In this scenario, it’s even more important to make sure that the scope and duration of the project are clearly defined. The accountability on your side of the agreement has been removed and it’s easy for any designer to push a paid for project lower on their priority list as more work comes in. Be aware of this and make sure that you are committed to your end of the agreement and the success of your client. Also be aware that your client is likely to be a little more inclined to ask for more things and drag the project out because there are no clear milestones marked with a payment. Many of the designers we spoke with have shared experiences where a project was paid for up front and the scope just continued to creep and the project dragged on indefinitely.

You rarely want to put yourself in a situation where full payment is due at the completion of a project. Smaller projects with very little money on the line may be exceptions, but make sure that you can take the hit if they decide they don’t want to pay for completed work. If a very large company approaches you for work and you are confident in their reputation, it may be worth the risk, but try to work for a thirds schedule if at all possible. Most large companies will agree to this arrangement, but sometimes because of their size it takes longer to process things and deadlines need to be met.

Periodic Billing and Retainers

Sometimes a project can be hard to define in its entirety or there is an ongoing component that isn’t easily defined. Other times there is an ongoing effort where regular work is needed to support a design effort through recurring marketing campaigns, social media, print promotion, and so on. These opportunities to secure ongoing business should be billed periodically and can help provide financial stability to a design firm by offering reliable income. This ongoing income can be even more reliable if you are able to secure a retainer with your client. This can be extremely helpful when hiring more designers and staff. It can also make strategic purchases such as new equipment, office space, etc less risky and less stressful.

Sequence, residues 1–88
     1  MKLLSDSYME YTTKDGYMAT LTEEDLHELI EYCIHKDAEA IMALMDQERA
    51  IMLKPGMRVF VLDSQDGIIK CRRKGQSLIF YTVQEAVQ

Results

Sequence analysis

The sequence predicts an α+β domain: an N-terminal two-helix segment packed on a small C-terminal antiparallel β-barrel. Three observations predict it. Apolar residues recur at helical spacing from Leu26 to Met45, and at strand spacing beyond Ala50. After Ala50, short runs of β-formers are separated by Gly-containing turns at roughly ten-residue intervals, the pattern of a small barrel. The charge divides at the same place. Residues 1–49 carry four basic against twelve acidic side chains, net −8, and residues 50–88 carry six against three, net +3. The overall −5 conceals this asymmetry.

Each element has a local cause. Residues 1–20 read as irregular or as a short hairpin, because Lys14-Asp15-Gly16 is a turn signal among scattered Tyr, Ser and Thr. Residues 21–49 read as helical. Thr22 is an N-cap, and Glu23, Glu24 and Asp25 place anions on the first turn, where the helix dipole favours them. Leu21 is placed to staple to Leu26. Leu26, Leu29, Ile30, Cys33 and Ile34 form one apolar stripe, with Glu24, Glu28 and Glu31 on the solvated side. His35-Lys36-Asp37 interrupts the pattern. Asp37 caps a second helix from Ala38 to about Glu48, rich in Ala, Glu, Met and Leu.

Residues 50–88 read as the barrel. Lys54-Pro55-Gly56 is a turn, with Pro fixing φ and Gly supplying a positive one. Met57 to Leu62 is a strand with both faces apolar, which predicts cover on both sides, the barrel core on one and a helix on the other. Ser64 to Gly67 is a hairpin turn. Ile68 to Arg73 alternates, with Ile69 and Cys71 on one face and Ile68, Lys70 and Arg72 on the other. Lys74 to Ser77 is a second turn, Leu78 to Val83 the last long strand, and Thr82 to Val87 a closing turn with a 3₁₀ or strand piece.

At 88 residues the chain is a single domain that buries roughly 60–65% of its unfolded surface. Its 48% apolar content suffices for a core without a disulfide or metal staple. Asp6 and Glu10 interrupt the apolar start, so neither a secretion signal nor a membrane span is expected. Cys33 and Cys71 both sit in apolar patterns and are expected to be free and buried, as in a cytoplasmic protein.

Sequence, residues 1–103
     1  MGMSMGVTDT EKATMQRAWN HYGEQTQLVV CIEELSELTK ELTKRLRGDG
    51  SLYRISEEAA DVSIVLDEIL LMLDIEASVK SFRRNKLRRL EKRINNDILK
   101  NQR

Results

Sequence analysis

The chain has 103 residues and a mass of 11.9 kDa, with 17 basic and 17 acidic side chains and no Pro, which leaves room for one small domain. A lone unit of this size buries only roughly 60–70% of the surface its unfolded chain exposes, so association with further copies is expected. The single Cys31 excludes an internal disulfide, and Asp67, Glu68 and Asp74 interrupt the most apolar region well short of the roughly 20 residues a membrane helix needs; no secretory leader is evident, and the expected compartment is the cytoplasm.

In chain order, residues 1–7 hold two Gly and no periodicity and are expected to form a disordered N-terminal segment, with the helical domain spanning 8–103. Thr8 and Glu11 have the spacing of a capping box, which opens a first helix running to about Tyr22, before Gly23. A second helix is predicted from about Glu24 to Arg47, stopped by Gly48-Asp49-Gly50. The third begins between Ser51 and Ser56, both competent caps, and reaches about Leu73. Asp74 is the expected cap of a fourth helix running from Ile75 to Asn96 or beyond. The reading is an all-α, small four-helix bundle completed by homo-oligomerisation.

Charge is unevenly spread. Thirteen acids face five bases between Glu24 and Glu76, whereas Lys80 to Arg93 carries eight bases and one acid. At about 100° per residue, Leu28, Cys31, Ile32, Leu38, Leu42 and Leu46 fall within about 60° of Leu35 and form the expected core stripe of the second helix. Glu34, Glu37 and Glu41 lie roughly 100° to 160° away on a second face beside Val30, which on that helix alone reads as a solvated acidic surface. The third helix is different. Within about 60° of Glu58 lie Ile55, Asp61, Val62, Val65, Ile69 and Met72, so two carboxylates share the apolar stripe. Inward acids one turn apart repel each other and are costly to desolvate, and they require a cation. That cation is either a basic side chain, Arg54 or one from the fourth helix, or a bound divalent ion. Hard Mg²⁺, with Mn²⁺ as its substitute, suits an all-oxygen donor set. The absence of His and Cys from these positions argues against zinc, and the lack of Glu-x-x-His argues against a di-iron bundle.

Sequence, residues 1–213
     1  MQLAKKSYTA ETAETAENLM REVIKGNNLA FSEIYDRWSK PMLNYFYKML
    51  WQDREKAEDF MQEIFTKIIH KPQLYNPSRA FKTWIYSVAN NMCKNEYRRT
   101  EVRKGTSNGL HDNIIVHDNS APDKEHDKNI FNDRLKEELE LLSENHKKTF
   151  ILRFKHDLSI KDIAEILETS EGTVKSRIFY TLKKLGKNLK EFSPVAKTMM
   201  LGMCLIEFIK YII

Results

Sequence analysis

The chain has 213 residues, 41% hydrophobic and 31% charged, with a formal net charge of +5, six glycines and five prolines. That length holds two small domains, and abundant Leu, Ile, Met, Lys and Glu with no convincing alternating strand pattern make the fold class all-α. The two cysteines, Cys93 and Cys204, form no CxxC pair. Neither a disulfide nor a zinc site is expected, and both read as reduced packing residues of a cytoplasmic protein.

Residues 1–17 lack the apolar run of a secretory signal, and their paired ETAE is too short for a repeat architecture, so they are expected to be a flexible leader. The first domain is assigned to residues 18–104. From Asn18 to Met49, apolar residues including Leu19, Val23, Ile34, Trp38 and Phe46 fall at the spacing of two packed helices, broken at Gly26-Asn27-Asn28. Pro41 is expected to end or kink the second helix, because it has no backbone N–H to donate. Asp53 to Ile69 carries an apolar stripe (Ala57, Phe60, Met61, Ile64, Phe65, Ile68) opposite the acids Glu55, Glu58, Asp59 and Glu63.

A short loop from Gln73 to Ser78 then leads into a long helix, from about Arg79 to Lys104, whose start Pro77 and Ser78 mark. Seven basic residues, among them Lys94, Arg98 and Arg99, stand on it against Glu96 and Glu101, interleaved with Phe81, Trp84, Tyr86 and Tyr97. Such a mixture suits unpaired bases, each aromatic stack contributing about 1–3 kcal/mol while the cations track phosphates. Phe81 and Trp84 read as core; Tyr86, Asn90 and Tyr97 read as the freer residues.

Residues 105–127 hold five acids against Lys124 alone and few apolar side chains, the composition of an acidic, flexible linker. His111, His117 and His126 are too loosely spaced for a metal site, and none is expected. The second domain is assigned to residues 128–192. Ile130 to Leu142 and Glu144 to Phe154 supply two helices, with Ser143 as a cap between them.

The benefits of a retainer agreement to the client can be any number of incentives offered by the design firm. However the most typical is a guarantee that their design needs will take priority over other clients’ requests, and often, a discounted rate for the promise of a certain amount of business per period.

Common retainer arrangements may bill monthly, quarterly, or even annually and it is often paid for in advance of the work. The agreement would clearly define the hourly rate, the number of hours of service per period that would be provided, when payments would be made, and of course the duration of the contract. Often these will be six month or one year contracts with monthly billing for anywhere between 5 to 80 hours of work or more per month.

You will want to address how you will bill for any hours over the agreed amount. Usually it would be at the same rate agreed upon in the retainer. If you are offering a discounted rate as an incentive for the retainer, sometimes it may be necessary to bill any hours over the retainer hours at your normal rate. This is to ensure that if the retainer client cuts into hours you would typically spend on client work that isn’t discounted, that you’re not losing the money that you would make billing at your normal rate.